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St. John of the Cross Poem: A Brief Analysis on Dark Night Of the Soul

Updated on March 19, 2013

St. John of the Cross ( 1524-1591)

St. John of the Cross was a Carmelite monk named Juan de Yepes y Alvarez born on June 24, 1524. He was a mystic, priest, and a major figure of the Counter Reformation movement. As a devout friar, and a reformer of the Carmelite Order, he is viewed as one of the founders of the Discalced Carmelites.

He was ordained as priest in 1567, and worked as a helper for Saint Teresa until December 2, 1577 when he was taken prisoner by his superiors. His work toward reform had upset the status quo and he suffered a brutal experience that included whipings and severe isolation. During his incarceration he composed part of his famous poem Spiritual Canticle, and his ordeal and spiritual faith became evident in his subsequential work. He died on December 14, 1591 and was canonized 1726 by Benedict Xlll.

His poetry and writings are important pieces of mystical Spanish literature, and St. John is considered one of the foremost poets in the Spanish language. In his works, St John describes and outlines the steps of mystical ascent, a process that leads one from the world of distractions to the reunion of the soul and God, and ultimate peace

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Dark Night of The Soul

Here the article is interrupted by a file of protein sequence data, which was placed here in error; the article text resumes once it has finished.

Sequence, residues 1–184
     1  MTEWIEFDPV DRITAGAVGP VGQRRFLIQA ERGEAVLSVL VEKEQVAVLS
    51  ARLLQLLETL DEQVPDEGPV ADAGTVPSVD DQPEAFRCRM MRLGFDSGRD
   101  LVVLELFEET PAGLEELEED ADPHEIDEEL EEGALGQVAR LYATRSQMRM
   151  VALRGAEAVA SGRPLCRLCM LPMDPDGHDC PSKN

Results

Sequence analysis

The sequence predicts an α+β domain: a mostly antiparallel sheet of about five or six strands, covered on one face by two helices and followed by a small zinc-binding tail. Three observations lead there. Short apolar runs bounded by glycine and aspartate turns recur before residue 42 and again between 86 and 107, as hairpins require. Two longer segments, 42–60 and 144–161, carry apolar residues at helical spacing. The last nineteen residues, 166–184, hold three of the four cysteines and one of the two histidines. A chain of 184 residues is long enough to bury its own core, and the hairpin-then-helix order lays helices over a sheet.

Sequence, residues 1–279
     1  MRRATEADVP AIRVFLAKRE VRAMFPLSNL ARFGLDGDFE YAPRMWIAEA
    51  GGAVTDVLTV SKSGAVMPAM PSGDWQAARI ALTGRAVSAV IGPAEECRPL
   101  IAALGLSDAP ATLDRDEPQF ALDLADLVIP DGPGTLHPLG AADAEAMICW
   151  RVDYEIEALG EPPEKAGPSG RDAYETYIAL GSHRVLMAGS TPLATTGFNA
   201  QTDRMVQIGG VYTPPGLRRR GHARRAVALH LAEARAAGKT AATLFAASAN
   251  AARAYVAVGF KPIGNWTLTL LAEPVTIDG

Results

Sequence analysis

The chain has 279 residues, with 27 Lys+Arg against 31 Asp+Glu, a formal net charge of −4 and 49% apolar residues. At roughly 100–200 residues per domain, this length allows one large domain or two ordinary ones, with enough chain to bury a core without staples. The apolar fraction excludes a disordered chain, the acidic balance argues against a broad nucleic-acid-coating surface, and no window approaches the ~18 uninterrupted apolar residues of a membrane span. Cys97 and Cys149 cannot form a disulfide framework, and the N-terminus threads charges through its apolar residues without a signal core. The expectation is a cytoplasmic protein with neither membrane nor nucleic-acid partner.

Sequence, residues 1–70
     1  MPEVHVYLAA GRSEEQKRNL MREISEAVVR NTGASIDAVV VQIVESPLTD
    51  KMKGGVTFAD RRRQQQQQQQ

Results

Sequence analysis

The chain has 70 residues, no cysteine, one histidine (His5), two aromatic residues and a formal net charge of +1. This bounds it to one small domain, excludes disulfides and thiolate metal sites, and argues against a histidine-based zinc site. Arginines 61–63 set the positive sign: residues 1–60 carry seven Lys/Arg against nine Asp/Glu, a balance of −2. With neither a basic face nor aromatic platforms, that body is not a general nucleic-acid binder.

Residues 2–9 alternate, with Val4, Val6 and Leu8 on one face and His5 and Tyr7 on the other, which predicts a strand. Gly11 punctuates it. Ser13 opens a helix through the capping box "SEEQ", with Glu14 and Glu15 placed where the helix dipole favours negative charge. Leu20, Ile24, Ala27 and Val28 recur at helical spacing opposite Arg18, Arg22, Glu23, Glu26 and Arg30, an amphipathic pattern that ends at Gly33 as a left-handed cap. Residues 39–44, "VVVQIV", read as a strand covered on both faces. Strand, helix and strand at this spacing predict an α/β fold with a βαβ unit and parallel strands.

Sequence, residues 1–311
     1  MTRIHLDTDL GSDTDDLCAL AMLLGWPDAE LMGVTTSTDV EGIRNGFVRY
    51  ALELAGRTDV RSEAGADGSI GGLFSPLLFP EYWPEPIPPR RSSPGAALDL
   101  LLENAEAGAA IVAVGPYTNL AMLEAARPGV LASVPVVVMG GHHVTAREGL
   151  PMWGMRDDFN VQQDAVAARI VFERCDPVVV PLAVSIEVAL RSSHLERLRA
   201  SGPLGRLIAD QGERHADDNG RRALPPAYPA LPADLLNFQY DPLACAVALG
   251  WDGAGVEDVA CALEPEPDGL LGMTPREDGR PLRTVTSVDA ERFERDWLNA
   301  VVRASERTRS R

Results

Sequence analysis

Dark Night Of the Soul

On a dark night, 
Kindled in love with yearnings--oh, happy chance!--
I went forth without being observed, 
My house being now at rest.

In darkness and secure, 
By the secret ladder, disguised--oh, happy chance!--
In darkness and in concealment, 
My house being now at rest.

In the happy night, 
In secret, when none saw me,
Nor I beheld aught, 
Without light or guide, save that which burned in my 

This light guided me 
More surely than the light of noonday
To the place where he (well I knew who!) was awaiting me--
A place where none appeared.

Oh, night that guided me, 
Oh, night more lovely than the dawn,
Oh, night that joined Beloved with lover, 
Lover transformed in the Beloved!

Upon my flowery breast, 
Kept wholly for himself alone,
There he stayed sleeping, and I caressed him, 
And the fanning of the cedars made a breeze.

The breeze blew from the turret 
As I parted his locks;
With his gentle hand he wounded my neck 
And caused all my senses to be suspended.

I remained, lost in oblivion; 
My face I reclined on the Beloved.
All ceased and I abandoned myself, 
Leaving my cares forgotten among the lilies.


A brief Analysis

"I remained, lost in oblivion;
My face I reclined on the Beloved.
All ceased and I abandoned myself,
Leaving my cares forgotten among the lilies"

In this moment of the poem, the narrator has been struck by the beloved, and this line describes his reaction. Despite being momentary dazed, he remains by the "beloved's" side.

Knowing that this poem is the description for the spiritual suffering one experiences in their quest to become closer to a divine power and purged of sin; the imagery is very powerful.

Spiritual love between humanity and divinity is represented as physical love, God as the beloved, and the faithful as the lover. The Lover seeks out his Beloved, and once found, he is struck and dazed by the one he sought out. Despite this, he remains, fully giving himself, surrendering to the moment ( divinity ) and releasing his cares to the world.

To me this entire poem represents faith.

This poem remind me a lot about the New Thought Movement, and the beliefs they hold, and I wonder how many similarities between their beliefs and that of St. John of the Cross exist.


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      bill Jr oliver 2 years ago

      Love dark night